By Kevin Kuzma, Editor
Our government’s inability to compose suitable guest lists has been a major hindrance throughout the negotiated rulemaking process.
First, the Senate’s Health, Education, Labor and Pensions (HELP) committee began its investigation into "for-profit" schools in June by inviting the well-known short seller Steve Eisman to the proceedings. Eisman of FrontPoint Financial Services emerged to be one of three key witnesses in the hearings led by Senator Tom Harkin (D – Iowa).
Earlier this year, Eisman published "Subprime Goes to College" in The New York Post, which was among the most damaging editorials in the parade of negative news pieces to rock career education. The piece predicted the for-profit education sector would be the next industry to experience an implosion the likes of the subprime mortgage meltdown.
His presence at the witness table caused confusion among the career education crowd. Why would Eisman be invited to testify before the committee before the likes of Harris Miller, President of the Association of Private Sector Colleges and Universities (APSCU) or other executives affiliated with the larger school conglomerates? The confusion turned to suspicion. How and why would Eisman be allowed to participate in a formal hearing process where the intent was to look at the allotment of financial aid dollars and the marketing and recruitment practices of for-profits? His presence at the hearings is still confusing to some.
Then, last week, Lanny Davis noted in his Huffington Post blog that “the panel of negotiators involved in developing the ‘gainful employment’ regulations with the Department, included only one representative” from for-profit schools “out of 14 members — a panel that the law empowers to write the regulation if there is ‘consensus.’”
Surely the way to create the fairest education rule possible wouldn’t be to exclude representatives from the sector of education it stands to implicate. From the start, the department was on track to create one of the most biased and controversial rules in the history of the rulemaking process. The result was a rule targeting only for-profit education. The 90,000 letters they received during the open comment period was confirmation that they’d achieved their goal.
While some skeptics might question the intelligence of department officials, I don’t. This is a highly educated group. Secretary Arne Duncan appears to be a sharp guy. And, it takes a sharp and intelligent group to carry out such a well-orchestrated movement against for-profit education like we’ve seen come to fruition over the last year.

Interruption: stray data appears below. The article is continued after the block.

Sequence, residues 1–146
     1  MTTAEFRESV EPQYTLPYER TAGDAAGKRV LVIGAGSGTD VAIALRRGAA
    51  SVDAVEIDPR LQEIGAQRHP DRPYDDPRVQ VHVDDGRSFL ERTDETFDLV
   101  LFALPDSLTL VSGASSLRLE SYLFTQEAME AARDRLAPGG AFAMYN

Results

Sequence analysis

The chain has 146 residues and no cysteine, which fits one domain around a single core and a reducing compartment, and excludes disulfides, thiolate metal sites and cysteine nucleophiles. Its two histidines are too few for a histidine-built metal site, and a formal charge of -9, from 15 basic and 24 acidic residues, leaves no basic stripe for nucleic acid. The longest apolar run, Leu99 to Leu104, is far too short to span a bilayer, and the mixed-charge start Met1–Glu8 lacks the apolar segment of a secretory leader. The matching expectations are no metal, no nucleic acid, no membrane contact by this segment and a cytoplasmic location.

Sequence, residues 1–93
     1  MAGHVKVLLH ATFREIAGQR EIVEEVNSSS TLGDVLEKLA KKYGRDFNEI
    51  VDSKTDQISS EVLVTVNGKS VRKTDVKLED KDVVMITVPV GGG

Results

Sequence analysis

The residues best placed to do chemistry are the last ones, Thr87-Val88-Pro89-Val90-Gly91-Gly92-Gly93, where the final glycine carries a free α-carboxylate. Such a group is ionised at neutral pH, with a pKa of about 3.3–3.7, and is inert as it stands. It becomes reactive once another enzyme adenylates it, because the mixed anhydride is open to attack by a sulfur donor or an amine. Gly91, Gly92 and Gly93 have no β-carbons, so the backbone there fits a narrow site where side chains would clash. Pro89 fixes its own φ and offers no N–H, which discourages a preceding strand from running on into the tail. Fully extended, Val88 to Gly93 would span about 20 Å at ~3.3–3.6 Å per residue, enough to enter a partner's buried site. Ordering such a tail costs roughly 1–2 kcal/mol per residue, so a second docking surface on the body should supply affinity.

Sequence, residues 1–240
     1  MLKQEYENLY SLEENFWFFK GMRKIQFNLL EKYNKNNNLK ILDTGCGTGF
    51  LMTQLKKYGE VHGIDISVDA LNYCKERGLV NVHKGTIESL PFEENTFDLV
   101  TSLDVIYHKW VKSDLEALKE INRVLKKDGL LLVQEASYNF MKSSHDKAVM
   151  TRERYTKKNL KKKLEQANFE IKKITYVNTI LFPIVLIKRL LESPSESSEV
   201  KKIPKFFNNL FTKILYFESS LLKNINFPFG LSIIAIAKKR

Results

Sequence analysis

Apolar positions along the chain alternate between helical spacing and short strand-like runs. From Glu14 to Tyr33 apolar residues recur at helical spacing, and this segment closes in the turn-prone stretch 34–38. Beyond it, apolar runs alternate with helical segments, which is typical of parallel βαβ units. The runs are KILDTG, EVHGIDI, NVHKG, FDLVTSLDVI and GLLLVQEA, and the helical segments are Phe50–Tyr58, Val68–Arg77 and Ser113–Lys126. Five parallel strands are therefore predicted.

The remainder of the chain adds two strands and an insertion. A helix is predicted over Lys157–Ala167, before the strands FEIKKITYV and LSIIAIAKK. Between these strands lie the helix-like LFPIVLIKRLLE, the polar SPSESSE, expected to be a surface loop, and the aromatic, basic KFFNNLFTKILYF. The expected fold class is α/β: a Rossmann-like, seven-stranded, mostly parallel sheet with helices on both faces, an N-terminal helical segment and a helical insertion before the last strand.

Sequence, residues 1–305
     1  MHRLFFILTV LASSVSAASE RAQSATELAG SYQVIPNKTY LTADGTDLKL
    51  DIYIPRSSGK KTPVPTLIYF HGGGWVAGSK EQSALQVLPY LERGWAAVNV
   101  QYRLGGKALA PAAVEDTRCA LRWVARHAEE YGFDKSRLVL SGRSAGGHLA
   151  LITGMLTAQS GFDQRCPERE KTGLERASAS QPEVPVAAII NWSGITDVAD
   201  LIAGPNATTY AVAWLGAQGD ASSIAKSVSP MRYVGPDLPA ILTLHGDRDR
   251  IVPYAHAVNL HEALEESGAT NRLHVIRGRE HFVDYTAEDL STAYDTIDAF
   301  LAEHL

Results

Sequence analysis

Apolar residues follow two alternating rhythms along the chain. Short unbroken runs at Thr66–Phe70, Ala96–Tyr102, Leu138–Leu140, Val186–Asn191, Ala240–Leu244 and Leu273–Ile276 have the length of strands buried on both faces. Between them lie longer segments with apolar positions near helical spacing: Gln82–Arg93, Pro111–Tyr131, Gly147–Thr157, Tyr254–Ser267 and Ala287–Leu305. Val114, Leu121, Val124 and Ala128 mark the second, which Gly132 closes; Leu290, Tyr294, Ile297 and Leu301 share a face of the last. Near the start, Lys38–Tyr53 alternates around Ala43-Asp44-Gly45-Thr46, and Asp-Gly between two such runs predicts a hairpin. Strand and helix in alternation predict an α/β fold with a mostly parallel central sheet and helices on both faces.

Clearly the perceptions of the for-profit sector are being shaped by people who know little about the schools or what they do. This imbalance puts the DOE front and center in perpetuating the double standard that’s long existed in the career education realm in the difference between career education schools and their competitors are perceived.
For-profit schools and traditional colleges serve vastly different missions. As I noted in my letter to the DOE, the objective is to offer career-specific training and the hope of a job. Community colleges and four-year schools offer education. They don’t extend their promise beyond that, and therefore they aren’t regulated to show what impact, if any, their education has on someone’s life. The education is simply thought to be enough, and that’s the product that’s bought in their classrooms.
What would make the traditional colleges think they could determine how this rule should be applied to for-profits? I don’t think that would be their stance. Given their negative perception of career training-oriented colleges, they wouldn’t want to stoop to our level to figure it out. And therein lies the problem.
Traditional colleges and universities were late in embracing online education and adapting to today’s student lifestyles. They’re opposed to change. Their processes are outdated, and their thinking isn’t innovative. Administrators aren’t willing to turn the focus inward to understand why our schools thrived and theirs have struggled with our country facing its worst recession since the Great Depression.
Here’s something to consider: In trying to formulate the gainful employment rule, the Department of Education excluded representatives from the most innovative and efficient sector of higher education. Does that make any sense to anyone? The career college sector is filled with people who think for themselves, who respond to challenges, who care about helping other people. If you look at the department’s or the Senate’s guest list capacity, it suggests a different mentality, doesn’t it?